Development and releasesEdit
Dr. Mario was produced by Gunpei Yokoi, creator of the Game Boy and Game & Watch handheld systems, and designed by Takahiro Harada, who also acted as producer of the Metroid series. The game's music, later re-used and arranged in games such as Super Smash Bros. Melee, was composed by Hirokazu Tanaka, who later became president of Creatures Inc., an affiliate of Nintendo that owns one-third of the copyright regarding the Pokémon franchise.
Dr. Mario spawned a number of remakes and ports that were released on various Nintendo consoles. The original version's multiplayer portion was ported to two Nintendo arcade systems in 1990: the Nintendo Vs. System (under the title Vs. Dr. Mario) and the PlayChoice-10.
An enhanced remake of Dr. Mario was paired with Tetris in the Super Nintendo Entertainment System compilation game Tetris & Dr. Mario, released on 30 December 1994. This version of Dr. Mario was re-released in Japan on 30 March 1997, as a downloadable title for the Super Famicom's Satellaview peripheral, under the name Dr. Mario BS Version[b]. It was re-released again in Japan as a downloadable game for the Super Famicom's and Game Boy's Nintendo Power cartridges.
The NES version was ported twice to the Game Boy Advance: first in 2004 as one of thirty games in the Classic NES Series (known as the Famicom Mini Series in Japan), then bundled with a version of the Puzzle League series in 2005 under the title Dr. Mario & Puzzle League, this time with updated graphics and new music to choose from. On 20 May 2003, Nintendo released the "GameCube Preview Disc" for the GameCube, which allows players to download the NES version of Dr. Mario to their Game Boy Advance consoles using the Nintendo GameCube – Game Boy Advance link cable.
|Classic NES Series: Dr. Mario (GBA)|
Dr. Mario and its re-releases received generally positive reviews, although some parents were critical of its premise due to its inclusion of medicine in a children's game. One notably negative review, by ACE, scored the Game Boy version 510/1000. It criticized the game's uninspiring graphics and repetitive play. The review also said the game "reeks of plagiarism", stating it is worse than the original games it is modeled after.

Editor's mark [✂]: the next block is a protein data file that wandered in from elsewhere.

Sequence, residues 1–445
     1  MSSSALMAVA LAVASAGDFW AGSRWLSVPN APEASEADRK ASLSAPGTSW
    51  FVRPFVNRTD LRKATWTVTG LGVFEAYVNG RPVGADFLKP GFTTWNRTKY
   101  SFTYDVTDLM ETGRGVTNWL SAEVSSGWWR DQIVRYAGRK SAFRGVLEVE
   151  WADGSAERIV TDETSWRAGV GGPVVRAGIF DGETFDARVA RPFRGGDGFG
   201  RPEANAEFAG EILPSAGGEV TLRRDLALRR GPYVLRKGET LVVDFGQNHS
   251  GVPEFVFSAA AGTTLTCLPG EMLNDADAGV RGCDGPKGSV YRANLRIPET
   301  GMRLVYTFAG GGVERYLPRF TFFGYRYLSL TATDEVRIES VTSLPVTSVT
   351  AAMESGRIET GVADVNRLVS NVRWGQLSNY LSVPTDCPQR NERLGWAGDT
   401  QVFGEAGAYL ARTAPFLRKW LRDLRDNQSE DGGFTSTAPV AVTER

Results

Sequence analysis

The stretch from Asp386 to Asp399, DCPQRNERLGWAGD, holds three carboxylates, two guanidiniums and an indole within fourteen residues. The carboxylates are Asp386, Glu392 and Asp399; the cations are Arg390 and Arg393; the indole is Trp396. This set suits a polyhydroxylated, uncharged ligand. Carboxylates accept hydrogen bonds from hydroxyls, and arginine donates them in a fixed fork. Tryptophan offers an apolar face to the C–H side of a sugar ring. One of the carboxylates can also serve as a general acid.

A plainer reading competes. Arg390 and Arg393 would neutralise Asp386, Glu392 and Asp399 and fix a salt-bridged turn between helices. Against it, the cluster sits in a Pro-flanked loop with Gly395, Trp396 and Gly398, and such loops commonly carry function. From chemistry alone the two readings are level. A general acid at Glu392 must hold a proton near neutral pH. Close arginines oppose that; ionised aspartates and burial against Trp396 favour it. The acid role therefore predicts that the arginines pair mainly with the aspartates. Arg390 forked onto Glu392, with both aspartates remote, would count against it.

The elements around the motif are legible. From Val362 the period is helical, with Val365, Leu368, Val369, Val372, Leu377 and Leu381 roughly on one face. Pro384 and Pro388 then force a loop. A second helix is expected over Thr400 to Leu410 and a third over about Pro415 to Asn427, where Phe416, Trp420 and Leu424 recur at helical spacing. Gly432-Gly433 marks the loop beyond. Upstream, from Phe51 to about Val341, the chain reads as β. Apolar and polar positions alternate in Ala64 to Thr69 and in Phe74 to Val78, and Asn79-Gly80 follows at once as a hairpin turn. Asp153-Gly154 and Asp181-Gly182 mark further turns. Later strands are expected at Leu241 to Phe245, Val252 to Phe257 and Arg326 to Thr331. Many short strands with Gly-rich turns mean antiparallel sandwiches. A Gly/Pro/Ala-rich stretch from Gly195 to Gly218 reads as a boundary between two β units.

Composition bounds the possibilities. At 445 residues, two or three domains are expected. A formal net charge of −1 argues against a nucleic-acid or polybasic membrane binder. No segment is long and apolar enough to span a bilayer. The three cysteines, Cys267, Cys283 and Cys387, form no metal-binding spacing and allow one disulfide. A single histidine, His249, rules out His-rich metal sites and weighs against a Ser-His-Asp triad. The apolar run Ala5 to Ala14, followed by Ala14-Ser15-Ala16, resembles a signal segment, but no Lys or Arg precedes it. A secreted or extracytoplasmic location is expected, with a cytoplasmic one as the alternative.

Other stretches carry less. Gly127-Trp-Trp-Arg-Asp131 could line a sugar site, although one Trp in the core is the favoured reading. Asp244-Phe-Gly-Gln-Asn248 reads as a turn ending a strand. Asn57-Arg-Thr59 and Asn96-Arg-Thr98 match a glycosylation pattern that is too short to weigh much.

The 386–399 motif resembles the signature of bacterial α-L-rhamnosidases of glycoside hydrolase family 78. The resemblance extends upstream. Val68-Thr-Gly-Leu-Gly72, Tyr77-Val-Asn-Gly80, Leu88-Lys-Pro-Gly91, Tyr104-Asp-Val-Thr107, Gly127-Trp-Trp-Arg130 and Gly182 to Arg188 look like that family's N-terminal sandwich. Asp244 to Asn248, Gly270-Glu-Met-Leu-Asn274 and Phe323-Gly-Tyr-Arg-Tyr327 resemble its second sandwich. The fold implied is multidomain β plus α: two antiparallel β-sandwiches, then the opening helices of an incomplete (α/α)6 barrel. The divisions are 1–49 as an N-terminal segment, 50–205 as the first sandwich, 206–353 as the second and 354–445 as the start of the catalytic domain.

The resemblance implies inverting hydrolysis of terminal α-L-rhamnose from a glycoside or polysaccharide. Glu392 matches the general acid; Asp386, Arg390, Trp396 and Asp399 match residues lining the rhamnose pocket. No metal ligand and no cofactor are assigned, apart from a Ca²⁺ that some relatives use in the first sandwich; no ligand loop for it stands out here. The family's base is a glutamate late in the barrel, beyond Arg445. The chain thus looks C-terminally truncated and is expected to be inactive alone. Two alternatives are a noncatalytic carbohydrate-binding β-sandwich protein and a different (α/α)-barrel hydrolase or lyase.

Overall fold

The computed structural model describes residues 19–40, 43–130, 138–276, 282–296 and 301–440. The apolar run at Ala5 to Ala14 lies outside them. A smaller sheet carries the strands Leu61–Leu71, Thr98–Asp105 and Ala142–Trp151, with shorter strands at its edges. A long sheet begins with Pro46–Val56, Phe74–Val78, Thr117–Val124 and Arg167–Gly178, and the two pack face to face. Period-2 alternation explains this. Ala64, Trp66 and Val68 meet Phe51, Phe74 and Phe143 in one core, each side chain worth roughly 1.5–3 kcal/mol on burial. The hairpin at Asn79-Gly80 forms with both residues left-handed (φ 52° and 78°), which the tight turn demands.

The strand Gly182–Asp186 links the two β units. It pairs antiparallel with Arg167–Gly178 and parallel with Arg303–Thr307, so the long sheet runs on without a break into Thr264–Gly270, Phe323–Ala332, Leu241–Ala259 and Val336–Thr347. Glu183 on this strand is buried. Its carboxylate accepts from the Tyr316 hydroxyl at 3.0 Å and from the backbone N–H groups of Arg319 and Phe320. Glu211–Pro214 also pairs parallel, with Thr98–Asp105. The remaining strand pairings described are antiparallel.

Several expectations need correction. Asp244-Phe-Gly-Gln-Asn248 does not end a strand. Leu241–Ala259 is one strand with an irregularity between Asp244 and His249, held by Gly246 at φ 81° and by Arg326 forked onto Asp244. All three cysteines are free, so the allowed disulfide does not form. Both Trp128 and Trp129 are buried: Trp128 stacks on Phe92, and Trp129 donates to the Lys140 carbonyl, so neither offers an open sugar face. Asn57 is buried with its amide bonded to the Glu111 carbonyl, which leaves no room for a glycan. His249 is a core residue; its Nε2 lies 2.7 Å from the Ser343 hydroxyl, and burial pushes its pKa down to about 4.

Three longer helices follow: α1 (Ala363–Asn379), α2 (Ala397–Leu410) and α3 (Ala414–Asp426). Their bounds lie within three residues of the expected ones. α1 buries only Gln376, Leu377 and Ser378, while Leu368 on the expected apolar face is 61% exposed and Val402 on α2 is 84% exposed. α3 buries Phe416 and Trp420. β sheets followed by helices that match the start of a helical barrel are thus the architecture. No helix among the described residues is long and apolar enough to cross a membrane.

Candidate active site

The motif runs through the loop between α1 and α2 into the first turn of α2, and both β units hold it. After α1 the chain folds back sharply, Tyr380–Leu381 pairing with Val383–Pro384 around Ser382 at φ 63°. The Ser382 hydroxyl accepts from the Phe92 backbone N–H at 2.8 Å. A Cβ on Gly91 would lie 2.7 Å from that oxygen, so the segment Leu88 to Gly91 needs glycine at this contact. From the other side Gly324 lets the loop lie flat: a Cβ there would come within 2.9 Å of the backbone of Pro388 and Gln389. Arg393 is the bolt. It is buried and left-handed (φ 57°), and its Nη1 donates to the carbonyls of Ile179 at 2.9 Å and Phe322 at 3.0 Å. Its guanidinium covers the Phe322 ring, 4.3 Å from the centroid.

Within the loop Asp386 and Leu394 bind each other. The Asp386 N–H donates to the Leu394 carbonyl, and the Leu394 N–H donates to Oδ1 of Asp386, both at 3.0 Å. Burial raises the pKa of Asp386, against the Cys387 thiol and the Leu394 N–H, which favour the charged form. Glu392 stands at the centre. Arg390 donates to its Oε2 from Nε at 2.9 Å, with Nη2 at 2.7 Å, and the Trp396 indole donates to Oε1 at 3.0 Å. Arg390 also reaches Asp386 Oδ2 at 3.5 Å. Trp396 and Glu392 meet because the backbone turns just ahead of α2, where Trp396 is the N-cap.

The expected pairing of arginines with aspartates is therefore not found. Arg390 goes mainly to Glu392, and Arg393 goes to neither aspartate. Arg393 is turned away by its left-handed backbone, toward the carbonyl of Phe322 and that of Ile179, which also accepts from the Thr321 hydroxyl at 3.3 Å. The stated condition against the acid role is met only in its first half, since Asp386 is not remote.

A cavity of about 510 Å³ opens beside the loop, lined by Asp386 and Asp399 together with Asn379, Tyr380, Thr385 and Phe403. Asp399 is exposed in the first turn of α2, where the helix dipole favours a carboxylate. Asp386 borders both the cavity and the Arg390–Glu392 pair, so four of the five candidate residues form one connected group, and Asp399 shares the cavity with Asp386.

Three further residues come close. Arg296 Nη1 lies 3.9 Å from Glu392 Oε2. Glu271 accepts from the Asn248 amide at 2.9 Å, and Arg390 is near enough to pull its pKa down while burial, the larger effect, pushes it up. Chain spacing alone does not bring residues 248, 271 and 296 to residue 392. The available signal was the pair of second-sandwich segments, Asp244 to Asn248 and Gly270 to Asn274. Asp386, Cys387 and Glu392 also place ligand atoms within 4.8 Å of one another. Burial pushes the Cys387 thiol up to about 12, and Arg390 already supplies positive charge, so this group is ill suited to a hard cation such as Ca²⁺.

Reviewing the NES version, Allgame praised it, stating that on its release, "when puzzle games were flooding the market, Dr. Mario stands out as one of the best, combining a smooth learning curve, playful graphics and memorable tunes" and "fundamental concepts may be simple, but the addictive gameplay becomes progressively more complex as the speed increases and additional viruses are added."
GamePro gave the Tetris & Dr. Mario compilation a rave review. They praised the Mixed Match mode and the SNES enhanced graphics and sounds, and concluded "Sharp controls and absorbing action are what make these two classics even better as a pair than they were alone." Next Generation, in contrast, said the compilation was only significant for being the first appearance of Tetris on the SNES, summarizing that "Yeah, it's great, but chances are you own a copy of one or both of these games already." They did, however, praise Nintendo for having the "cojones" to package their Tetris-inspired game with Tetris itself.
Dr. Mario was rated the 134th best game released on a Nintendo system in Nintendo Power's Top 200 Games list, by ScrewAttack as the seventh best Mario game of all time, and by IGN as the 51st best NES game of all time. IGN also rated the game's soundtrack, composed by Hirokazu Tanaka, as seventh in its list of the top ten greatest 8-Bit soundtracks. GamesRadar ranked it the 13th best NES game ever made. The staff called it "one of the most celebrated of the [puzzle] genre." Game Informer's Ben Reeves called it the seventh best Game Boy game.